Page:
Elizabethan London did not enjoy such an abundance of critical prose as our own times, but such 'reviews' as survive of Venus and Adonis are almost unanimously raves: Francis Meres, admittedly never a hard man to please, described Shakespeare as the reincarnation of Ovid's 'sweete wittie soule', while John Weever described V&A as the true offspring of Apollo. Only Gabriel Harvey, a few years later, struck a more judicious note: 'The younger sort takes much delight in Shakespeares Venus, & Adonis; but his Lucrece, & his tragedie of Hamlet, Prince of Denmarke, haue it in them, to please the wiser sort.'

Quite so, posterity replies, at least so far as Hamlet is concerned. For one of the most striking curiosities of Shakespeare's reputation is the fact that the poem which first brought him fame should now be one of the least read, least regarded texts in the canon - indeed, that it should often be thought of as a minor digression from the real career of our national poet. He wrote it as much money as for fame, runs one line of thought, in the hope of cadging a decent sum from Southampton much as a modern writer might hope for an Arts Council bursary. What's more, he was unsuccessful into the bargain. The tradition that Southampton gave him the astonishing sum of pounds 1,000 - a rumour transmitted by word of mouth, and made solid in Giles Jacob's Poetical Register (1719) - is almost certainly without foundation.

Other legends and speculations L have proved more tenacious. Many biographically inclined commenL tators have seen Adonis as an idealised portrait of young Southampton; others, like Sir William Empson, think that the poem reflects Shakespeare's own enforced marriage, at the age of 18, to a woman who was all of eight years older; and Anthony Burgess, in his novel Nothing Like the Sun, proposes that Adonis is a composite of both young men. None of them suggests that this element of displaced allegory is sufficent to put Venus and Adonis on a par with the great tragedies or the late plays. Despite its contemporary success, if the plague had carried off Shakespeare in 1593, his name might scarcely be better known today than that of Richard Barnfield or Bartholomew Griffin.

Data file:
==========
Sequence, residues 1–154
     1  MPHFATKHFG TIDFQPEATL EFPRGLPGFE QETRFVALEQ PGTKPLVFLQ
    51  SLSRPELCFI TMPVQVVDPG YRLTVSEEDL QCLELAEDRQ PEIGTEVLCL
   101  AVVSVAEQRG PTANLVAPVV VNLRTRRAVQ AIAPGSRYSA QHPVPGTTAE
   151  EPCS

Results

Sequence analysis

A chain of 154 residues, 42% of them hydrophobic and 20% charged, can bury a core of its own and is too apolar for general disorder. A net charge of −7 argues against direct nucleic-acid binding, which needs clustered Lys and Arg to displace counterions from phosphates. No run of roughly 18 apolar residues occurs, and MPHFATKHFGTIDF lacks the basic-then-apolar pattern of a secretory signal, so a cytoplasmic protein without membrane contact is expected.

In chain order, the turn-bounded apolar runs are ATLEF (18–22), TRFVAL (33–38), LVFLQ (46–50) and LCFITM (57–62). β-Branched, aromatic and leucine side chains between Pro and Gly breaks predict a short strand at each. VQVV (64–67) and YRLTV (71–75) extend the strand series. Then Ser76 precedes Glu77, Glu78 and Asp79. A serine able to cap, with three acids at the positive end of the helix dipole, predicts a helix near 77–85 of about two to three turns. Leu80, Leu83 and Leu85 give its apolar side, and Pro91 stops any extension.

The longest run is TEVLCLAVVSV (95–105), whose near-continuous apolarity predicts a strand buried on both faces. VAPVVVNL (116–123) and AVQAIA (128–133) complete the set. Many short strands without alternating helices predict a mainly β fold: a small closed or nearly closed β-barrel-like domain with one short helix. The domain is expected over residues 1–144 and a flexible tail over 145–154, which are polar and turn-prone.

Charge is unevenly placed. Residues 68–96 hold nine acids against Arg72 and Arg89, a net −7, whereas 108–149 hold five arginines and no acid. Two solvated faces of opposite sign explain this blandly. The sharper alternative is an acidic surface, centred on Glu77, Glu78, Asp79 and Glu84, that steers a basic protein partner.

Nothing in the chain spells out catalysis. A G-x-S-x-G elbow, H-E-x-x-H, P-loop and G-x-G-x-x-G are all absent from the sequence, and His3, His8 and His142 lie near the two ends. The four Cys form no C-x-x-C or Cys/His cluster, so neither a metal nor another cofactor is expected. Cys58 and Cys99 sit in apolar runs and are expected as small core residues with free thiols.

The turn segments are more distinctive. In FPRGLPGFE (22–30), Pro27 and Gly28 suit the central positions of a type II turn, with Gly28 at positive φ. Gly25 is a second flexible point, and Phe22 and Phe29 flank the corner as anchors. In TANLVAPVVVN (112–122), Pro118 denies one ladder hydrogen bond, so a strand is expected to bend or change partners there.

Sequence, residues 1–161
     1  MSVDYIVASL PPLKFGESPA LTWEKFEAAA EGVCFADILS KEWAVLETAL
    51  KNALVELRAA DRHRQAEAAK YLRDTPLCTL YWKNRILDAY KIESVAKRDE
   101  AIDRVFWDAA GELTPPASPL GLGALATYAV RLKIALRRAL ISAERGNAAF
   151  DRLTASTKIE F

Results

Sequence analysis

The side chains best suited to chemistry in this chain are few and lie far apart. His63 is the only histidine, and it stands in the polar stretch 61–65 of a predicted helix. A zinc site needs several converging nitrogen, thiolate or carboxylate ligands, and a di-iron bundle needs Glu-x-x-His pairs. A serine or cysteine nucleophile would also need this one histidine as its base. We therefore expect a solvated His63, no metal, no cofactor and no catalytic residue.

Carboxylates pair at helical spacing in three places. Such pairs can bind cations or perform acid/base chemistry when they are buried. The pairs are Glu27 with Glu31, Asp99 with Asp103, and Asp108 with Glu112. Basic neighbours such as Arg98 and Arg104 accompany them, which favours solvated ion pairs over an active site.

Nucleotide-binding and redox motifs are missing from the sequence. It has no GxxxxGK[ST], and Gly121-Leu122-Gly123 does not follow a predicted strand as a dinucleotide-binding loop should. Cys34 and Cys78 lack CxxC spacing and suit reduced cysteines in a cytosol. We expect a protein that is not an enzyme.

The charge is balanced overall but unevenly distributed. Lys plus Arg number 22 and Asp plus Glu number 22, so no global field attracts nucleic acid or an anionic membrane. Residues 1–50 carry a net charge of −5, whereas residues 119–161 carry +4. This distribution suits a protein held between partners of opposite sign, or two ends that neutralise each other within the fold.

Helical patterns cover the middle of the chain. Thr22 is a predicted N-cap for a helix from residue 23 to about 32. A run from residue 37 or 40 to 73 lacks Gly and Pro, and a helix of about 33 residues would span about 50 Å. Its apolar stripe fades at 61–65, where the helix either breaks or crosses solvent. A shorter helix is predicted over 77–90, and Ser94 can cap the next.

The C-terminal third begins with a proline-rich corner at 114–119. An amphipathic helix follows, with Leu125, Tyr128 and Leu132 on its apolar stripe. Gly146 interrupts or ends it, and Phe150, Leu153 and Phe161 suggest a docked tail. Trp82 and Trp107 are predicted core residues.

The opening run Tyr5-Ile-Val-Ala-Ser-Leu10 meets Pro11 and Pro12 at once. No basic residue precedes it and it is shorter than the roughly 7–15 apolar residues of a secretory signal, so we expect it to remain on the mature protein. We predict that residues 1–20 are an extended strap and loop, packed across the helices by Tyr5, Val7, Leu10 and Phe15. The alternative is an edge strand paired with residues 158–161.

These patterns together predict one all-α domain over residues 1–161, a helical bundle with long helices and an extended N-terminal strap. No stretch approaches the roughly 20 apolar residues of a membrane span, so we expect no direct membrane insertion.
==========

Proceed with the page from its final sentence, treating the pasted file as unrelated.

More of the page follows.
Or would it? Even if late-20th- century undergraduates can breeze through their English courses without so much as glancing at the poem, the most ardent admirers of Venus and Adonis have also been the among the most substantial critics in our language. Coleridge thought it a work of incomparable dramatic brilliance ('Throughout you seem to be told nothing, and to see and hear everything'), while Keats despaired at the idea of trying to match its observations of the natural world: 'He has left nothing to say about nothing or any thing: for look at Snails, you know what he says about Snails. . .'.

More recently, and a good deal more controversially, our Poet Laureate has maintained that Venus and Adonis and its companion piece The Rape of Lucrece offer the key to Shakespeare's central myth (Ted Hughes, Shakespeare and the Goddess of Complete Being, 1992). Judging by some of the harsh reviews this study received, Mr Hughes's arguments will not be orthodox for quite a few weeks yet. None the less, to cite William Empson, Shakespeare's two narrative poems 'saved his career at the one crucial time, and they record. . . an experience so formative that the plays echo it for the rest of his life'. Venus and Adonis belongs almost entirely to the scholars today, but it could quite easily belong to the reading public again. Four hundred years after its first publication, it continues to be a promising work.